WSJ`s Selective Statistics
January 06, 2008, 07:41 PM
A+
|
a-
Print Friendly and PDF
I was recently reading VDARE.com's Ed Rubenstein's analysis of the WSJ's latest statistical travesty in looking at crime and immigration. One thing that strikes me: WSJ was rather selective in concentrating on old fashioned violent crimes and crimes against property. The world of crime is shifting to areas like credit card fraud which was up 36% from 2003 to 2007. I like Ed's point on how immigration can indirectly influence crime rates. However, I felt that looking at incarceration rates gives an overly conservative view of crime committed by immigrants.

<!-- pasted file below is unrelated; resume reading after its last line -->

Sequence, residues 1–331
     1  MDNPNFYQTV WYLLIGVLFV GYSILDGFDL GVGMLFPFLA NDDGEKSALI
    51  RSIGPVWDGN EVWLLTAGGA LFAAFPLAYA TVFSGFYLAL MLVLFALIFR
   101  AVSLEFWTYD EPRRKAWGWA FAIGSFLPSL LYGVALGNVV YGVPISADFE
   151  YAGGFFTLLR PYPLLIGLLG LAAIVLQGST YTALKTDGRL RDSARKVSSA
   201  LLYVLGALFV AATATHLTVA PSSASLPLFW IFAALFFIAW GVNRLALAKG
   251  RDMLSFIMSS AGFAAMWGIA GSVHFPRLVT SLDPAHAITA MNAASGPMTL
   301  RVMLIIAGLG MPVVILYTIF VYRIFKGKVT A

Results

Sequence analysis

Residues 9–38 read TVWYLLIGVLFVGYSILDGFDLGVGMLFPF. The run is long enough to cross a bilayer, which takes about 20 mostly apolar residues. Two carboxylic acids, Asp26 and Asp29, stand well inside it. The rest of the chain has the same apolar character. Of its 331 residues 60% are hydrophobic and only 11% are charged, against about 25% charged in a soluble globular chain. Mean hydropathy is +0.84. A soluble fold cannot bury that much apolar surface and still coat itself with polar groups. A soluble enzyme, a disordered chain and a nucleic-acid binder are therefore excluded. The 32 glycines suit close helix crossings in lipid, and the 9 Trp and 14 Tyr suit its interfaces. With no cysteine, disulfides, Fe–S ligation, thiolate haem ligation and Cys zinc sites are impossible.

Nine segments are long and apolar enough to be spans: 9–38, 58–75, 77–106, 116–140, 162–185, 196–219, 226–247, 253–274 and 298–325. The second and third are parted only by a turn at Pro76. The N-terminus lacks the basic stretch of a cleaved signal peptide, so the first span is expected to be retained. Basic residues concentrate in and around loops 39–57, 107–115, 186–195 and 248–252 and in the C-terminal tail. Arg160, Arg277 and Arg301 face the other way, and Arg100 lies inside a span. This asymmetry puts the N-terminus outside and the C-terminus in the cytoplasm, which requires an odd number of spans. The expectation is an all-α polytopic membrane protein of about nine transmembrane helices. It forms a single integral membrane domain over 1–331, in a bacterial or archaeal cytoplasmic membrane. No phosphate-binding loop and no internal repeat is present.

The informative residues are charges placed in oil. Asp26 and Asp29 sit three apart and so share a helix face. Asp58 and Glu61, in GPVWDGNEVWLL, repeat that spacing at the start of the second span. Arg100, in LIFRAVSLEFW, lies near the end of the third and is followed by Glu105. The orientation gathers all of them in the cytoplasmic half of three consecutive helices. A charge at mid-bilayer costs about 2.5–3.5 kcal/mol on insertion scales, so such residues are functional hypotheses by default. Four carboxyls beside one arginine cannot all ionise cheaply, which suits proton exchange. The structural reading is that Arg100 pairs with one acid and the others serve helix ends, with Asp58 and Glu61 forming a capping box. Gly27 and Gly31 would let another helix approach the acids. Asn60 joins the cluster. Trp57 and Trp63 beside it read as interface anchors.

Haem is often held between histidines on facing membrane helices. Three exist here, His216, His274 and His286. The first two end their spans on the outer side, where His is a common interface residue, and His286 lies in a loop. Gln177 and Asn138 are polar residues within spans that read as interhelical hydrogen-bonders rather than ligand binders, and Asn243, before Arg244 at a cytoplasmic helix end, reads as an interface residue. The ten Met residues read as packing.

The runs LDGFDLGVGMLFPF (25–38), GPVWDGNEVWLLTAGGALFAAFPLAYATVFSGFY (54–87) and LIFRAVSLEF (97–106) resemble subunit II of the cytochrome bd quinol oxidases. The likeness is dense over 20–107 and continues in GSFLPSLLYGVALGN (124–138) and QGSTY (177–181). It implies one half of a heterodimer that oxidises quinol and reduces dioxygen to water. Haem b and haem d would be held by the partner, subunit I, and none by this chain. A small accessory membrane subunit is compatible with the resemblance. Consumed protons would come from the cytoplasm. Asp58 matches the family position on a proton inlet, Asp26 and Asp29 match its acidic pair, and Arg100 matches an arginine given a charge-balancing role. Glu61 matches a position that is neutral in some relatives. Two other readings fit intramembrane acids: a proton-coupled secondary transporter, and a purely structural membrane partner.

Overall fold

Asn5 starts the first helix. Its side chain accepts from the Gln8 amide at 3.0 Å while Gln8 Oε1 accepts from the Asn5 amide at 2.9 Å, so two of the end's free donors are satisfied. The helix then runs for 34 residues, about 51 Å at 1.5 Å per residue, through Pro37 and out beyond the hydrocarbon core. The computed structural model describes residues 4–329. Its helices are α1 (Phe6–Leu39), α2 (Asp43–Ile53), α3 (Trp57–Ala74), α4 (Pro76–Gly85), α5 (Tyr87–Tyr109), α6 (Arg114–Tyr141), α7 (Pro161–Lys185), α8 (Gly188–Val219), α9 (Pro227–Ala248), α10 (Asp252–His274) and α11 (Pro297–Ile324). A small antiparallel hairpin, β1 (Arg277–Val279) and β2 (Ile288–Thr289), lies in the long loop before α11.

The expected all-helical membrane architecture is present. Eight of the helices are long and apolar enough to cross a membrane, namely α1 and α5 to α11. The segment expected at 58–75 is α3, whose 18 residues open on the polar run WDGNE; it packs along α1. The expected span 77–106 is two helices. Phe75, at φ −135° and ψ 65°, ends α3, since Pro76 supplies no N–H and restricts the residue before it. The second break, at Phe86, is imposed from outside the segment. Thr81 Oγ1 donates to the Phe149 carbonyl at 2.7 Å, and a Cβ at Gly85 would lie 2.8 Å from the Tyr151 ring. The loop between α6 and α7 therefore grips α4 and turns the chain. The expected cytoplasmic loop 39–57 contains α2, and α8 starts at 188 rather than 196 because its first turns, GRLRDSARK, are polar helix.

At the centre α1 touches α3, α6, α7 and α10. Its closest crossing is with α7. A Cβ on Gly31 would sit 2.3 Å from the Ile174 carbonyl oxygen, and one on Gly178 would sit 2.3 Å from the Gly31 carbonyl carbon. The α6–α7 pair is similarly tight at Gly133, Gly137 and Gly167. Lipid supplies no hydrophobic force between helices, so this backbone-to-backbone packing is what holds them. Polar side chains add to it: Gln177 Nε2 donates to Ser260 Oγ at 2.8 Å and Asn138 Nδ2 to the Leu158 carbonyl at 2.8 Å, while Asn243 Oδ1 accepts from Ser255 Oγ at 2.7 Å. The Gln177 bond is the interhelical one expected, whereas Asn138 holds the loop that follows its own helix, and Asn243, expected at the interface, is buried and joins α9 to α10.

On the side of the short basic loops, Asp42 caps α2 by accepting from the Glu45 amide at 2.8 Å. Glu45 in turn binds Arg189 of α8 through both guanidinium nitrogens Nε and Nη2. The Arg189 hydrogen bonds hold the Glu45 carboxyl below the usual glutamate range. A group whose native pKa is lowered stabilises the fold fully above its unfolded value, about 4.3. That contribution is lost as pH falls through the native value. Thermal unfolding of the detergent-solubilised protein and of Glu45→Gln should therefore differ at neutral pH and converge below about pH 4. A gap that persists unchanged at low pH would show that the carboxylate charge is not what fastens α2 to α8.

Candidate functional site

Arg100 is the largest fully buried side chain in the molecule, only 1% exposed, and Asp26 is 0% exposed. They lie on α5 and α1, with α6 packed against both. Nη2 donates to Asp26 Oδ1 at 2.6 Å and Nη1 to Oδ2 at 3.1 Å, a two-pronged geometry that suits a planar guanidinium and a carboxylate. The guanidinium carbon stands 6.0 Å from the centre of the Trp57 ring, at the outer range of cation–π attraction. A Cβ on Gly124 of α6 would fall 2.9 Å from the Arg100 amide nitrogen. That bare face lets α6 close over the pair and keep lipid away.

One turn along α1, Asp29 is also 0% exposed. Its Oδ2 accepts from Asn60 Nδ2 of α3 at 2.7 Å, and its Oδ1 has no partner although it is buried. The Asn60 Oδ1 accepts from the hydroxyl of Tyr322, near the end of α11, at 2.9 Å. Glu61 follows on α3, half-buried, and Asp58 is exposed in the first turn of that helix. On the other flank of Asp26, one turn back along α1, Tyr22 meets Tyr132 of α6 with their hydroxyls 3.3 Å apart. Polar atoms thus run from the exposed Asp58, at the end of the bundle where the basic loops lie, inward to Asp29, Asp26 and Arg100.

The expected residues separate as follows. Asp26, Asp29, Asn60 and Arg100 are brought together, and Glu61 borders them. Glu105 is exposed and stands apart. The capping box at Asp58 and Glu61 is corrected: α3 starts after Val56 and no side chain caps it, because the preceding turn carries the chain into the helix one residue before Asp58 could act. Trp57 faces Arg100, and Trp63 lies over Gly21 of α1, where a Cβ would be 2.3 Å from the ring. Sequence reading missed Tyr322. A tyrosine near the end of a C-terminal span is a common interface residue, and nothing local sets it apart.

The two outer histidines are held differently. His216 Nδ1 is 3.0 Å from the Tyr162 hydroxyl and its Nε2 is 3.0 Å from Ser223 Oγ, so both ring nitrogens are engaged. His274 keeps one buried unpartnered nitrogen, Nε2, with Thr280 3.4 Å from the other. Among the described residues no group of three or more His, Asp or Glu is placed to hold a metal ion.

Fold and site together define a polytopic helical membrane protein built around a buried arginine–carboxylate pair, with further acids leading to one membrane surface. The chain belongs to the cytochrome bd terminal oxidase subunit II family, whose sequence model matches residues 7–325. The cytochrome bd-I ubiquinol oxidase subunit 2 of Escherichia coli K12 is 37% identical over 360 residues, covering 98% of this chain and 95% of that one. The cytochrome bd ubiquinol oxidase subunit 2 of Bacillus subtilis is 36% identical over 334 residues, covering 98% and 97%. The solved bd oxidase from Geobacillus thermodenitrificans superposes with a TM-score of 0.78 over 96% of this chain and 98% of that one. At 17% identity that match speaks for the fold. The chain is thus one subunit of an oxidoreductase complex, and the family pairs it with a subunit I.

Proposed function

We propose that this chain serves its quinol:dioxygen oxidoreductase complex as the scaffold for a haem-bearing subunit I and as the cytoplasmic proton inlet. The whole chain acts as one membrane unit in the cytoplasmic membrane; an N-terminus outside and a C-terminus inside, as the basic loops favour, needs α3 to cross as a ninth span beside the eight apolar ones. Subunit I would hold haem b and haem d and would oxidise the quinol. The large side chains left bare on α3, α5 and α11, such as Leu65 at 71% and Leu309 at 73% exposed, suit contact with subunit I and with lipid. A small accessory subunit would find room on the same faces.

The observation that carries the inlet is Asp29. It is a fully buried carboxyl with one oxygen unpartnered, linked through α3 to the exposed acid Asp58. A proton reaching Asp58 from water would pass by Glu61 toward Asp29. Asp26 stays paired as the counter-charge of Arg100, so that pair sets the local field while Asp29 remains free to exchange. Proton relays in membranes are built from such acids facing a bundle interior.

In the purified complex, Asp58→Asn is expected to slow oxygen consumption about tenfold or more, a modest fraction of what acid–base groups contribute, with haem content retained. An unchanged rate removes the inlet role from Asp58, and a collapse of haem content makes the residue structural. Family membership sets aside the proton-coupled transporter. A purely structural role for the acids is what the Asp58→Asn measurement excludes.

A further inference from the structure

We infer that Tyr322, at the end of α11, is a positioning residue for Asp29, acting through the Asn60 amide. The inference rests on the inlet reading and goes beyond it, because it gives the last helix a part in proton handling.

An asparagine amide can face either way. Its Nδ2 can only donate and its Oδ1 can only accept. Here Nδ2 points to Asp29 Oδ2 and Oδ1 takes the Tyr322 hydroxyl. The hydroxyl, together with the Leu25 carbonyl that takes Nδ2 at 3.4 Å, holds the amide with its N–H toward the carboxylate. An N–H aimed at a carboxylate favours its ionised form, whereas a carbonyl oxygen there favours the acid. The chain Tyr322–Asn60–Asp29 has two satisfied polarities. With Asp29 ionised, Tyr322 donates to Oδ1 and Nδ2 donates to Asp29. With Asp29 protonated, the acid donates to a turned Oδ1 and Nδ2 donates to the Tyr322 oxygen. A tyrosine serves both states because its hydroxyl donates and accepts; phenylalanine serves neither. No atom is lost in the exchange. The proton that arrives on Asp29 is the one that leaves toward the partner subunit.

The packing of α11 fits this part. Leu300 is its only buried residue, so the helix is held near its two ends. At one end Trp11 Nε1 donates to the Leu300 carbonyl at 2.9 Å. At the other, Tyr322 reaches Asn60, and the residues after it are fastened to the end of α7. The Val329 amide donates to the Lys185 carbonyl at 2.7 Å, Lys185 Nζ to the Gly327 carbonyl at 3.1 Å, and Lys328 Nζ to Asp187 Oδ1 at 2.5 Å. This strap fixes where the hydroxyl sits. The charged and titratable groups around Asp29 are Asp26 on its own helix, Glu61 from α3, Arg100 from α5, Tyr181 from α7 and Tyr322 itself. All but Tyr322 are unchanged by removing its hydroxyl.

Immigrants, especially those from Mexico, have a special advantage over US citizens when it comes to committing crimes: If immigrants get wind of an investigation, they can go home and further investigation becomes quite a bit more difficult. Even when the US has extradition treaties, those treaties are limited in scope-and difficult to use in many cases. In the Portland area, Mexicans have come to dominate aspects of the illegal drug trade for this reason.